The Editor of The Star was quietly apoplectic.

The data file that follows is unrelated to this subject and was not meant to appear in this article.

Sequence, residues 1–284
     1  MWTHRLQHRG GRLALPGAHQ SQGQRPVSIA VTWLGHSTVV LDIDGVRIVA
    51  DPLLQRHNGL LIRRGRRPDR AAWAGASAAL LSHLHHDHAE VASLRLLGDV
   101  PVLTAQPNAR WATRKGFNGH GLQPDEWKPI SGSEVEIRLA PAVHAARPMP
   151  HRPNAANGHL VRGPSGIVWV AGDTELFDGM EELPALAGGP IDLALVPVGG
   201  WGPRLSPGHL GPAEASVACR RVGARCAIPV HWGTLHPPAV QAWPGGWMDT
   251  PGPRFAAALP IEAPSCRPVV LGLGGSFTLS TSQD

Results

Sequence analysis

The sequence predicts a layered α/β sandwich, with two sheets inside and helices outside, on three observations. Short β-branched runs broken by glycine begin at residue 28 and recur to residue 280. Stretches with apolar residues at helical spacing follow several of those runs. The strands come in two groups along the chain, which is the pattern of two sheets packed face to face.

A letter from the LIEUT.-GOVERNOR to the Royal Court, respecting the military preparations at Fort George, on the day of the Queen's marriage, is published in The Star of this day. That letter is far from being satisfactory; for the main fact, the fact of the soldiers being in readiness to march into the town, is not denied; that was the gravamen of our charge, and the explanation given by Sir James Douglas deprives it of none of its force. It stands quite firm in its integrity. In a constitutional point of view, it is perfectly indifferent who gave the orders animadverted upon; the ball cartridges were supplied to the troops, and they were ready to attack the citizens. Now these proceedings are expressly forbidden by the Order in Council of 1608; consequently there has been a violation of the constitution and of the positive commands of the SOVEREIGN. A species of military law, absolutely prohibited, has been threatened to be enforced, and since Sir James Douglas disclaims having given any special order to deliver ball cartridge to the troops, the public now desire to know, and they have a right to have the question answered, who did give such orders? It is evident that if Orders in Council are allowed to be violated, the protection of the subject is lost; we know what would be done in similar circumstances in England; whether the wet blanket apathy of Guernseymen will be roused on this occasion, time will show. The Star, 24 February, 1840.